But for all this theorizing, the evolution of bet-hedging had until now never been directly observed.
"Almost every biologist knows about this and is fascinated by it," said study co-author Hubertus Beaumont, a Leiden University biologist. "We go one step further, and see this evolving in real time."
Beaumont started the experiment with a population of genetically identical Pseudomonas fluorescens, a common bacterium that divides every 45 minutes and has a relatively small genome, making it easy to study.
From that strain, they seeded 12 different bacterial lines, each growing in a tube of undisturbed, nutrient-rich broth. After three days, a sample was taken and spread on agar plates to see what type of colonies formed. The bacteria divided and spread across each plate. The researchers then took a single sample of the healthiest colony and transferred it to a tube of shaken broth. After another three days of growth, the P. fluorescens in that tube were again sampled, spread on agar, and the healthiest put back into unshaken broth.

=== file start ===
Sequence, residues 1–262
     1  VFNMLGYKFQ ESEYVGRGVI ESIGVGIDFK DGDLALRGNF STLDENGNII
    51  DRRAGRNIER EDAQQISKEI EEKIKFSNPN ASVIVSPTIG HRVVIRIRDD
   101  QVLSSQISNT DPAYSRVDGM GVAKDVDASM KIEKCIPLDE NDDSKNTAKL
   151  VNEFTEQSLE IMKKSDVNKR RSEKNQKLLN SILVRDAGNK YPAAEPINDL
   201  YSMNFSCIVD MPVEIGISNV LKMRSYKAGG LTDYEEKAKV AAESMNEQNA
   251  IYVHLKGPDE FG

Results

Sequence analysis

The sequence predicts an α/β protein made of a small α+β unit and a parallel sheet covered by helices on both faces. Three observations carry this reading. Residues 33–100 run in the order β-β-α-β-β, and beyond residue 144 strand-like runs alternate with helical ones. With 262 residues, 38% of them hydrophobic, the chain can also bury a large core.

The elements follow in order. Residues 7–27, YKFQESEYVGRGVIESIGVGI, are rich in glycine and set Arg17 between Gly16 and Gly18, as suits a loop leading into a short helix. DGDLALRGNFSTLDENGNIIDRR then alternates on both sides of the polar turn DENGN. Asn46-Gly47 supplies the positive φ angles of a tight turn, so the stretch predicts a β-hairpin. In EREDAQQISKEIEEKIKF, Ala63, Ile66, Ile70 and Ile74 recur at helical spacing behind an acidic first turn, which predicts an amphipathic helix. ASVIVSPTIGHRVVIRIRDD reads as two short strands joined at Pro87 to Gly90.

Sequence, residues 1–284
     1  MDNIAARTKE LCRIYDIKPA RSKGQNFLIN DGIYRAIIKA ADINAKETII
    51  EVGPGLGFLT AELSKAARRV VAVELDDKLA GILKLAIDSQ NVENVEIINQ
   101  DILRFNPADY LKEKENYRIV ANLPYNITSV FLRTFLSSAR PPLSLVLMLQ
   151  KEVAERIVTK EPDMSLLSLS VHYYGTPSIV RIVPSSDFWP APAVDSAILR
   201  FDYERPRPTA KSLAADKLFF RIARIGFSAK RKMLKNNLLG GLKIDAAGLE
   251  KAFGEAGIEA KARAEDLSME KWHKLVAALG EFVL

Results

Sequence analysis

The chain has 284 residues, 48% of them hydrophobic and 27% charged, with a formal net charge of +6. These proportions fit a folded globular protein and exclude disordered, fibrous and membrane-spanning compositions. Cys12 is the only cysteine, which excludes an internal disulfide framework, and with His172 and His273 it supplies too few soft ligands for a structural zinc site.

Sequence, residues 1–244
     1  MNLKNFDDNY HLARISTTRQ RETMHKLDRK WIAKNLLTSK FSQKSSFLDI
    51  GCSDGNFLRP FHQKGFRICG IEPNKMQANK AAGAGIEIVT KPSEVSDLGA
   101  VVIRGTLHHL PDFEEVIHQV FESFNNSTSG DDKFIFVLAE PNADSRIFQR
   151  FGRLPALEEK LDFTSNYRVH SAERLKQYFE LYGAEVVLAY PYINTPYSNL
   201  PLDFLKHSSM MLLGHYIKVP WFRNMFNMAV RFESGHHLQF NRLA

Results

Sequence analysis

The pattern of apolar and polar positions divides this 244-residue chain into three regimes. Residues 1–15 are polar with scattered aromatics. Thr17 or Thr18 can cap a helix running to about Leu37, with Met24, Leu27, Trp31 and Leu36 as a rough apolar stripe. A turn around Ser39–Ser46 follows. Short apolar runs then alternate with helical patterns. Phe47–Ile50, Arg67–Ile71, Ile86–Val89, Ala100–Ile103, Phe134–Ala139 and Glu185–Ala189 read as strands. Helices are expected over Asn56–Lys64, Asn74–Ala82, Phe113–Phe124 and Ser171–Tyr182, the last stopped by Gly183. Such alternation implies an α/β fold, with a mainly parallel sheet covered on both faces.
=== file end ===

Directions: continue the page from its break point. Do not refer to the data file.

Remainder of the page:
From a human perspective, it was as if tribes that thrived in a forest were suddenly tossed in a desert, then thrown back as soon as they'd started to adjust. The switch was performed a total of 16 times, with the researchers sequencing the survivors' genomes at each step.
Earlier research by Paul Rainey, a Massey University evolutionary geneticist and co-author of the study, showed that different types of broth drove the evolution of different colony types. Shaken broth favored colonies that, in their aggregates of millions of microbes, had a smooth, rounded appearance. Unshaken conditions favored the evolution of wrinkled, fast-spreading colonies. As the rounds of selection continued, some P. fluorescens lines evolved back and forth between wrinkly and smooth types.